Housing markets across the nation are most assuredly active this summer, and
buyer competition is manifesting itself into several quick sales above asking price.
While the strength of the U.S. economy has helped purchase offers pile up, the Fed
recently increased the federal funds rate by 0.25 percent, marking the second rate
hike this year and seventh since late 2015. Although the 30-year mortgage rate did
not increase, buyers often react by locking in at the current rate ahead of assumed
higher rates later. When this happens, accelerated price increases are possible,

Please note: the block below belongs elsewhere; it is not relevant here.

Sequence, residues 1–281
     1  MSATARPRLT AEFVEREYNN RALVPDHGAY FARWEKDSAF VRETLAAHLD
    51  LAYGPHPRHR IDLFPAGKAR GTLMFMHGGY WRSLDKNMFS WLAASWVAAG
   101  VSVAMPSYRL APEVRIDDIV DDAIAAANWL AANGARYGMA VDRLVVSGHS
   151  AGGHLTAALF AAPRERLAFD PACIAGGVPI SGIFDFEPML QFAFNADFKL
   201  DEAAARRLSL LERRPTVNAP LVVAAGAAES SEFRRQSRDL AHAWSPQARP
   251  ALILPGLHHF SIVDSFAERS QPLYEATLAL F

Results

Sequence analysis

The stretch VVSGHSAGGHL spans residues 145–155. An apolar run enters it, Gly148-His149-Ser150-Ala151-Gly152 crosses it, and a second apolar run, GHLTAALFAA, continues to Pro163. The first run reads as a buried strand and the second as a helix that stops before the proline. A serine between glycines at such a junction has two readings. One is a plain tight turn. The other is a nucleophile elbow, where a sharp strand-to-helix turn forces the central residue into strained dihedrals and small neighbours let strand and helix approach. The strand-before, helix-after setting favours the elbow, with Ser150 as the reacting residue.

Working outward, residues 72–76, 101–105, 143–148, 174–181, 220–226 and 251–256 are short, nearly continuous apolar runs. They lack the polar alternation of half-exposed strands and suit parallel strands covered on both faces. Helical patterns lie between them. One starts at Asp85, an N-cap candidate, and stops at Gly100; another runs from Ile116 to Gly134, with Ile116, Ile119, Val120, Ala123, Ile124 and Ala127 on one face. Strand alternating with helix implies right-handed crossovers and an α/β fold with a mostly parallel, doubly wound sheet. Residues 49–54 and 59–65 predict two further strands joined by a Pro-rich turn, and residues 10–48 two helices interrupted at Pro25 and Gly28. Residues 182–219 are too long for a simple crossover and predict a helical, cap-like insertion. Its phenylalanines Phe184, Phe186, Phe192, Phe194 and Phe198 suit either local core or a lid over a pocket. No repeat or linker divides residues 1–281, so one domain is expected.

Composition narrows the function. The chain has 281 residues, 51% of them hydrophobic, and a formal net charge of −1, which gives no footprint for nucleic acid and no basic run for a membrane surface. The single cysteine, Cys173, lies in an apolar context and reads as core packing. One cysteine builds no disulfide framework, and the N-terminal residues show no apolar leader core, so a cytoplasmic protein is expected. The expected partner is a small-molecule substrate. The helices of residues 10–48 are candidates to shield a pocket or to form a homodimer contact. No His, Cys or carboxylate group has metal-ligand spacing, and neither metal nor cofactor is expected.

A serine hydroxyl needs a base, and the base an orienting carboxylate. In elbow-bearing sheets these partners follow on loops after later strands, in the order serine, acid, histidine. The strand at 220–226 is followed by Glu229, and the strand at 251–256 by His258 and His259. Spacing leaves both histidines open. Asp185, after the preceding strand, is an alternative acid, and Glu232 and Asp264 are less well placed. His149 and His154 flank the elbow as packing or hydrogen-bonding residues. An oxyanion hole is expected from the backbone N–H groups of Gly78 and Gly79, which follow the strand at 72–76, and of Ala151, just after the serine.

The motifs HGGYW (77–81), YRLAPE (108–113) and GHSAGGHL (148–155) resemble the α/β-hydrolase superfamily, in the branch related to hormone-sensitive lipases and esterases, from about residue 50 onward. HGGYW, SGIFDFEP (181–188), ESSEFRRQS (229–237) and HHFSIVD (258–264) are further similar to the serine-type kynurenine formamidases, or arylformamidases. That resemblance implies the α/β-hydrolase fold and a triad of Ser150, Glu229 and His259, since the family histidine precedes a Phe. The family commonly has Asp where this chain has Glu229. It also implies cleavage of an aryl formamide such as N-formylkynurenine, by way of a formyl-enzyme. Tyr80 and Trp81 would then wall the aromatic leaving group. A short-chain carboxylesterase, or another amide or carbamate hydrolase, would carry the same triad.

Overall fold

causing further strain on affordability.
New Listings were up 9.8 percent to 619. Pending Sales increased 3.8 percent to
466. Inventory shrank 4.3 percent to 2,254 units.
Prices moved higher as Median Sales Price was up 3.9 percent to $312,000. Days
on Market decreased 13.9 percent to 130 days. Months Supply of Inventory was
down 17.5 percent to 5.2 months, indicating that demand increased relative to
Inventory may be persistently lower in year-over-year comparisons, and home
prices are still more likely to rise than not, but sales and new listings may finish the
summer on the upswing. The housing supply outlook in several markets is beginning
to show an increase in new construction and a move by builders away from
overstocked rental units to new developments for sale. These are encouraging signs
in an already healthy marketplace.